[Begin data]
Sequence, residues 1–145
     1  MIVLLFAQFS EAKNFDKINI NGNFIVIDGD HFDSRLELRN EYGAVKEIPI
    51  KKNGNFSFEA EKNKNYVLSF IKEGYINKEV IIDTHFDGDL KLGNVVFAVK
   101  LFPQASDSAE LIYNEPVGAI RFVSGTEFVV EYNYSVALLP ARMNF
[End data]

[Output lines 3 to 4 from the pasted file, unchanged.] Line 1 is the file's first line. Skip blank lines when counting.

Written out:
    51  KKNGNFSFEA EKNKNYVLSF IKEGYINKEV IIDTHFDGDL KLGNVVFAVK
   101  LFPQASDSAE LIYNEPVGAI RFVSGTEFVV EYNYSVALLP ARMNF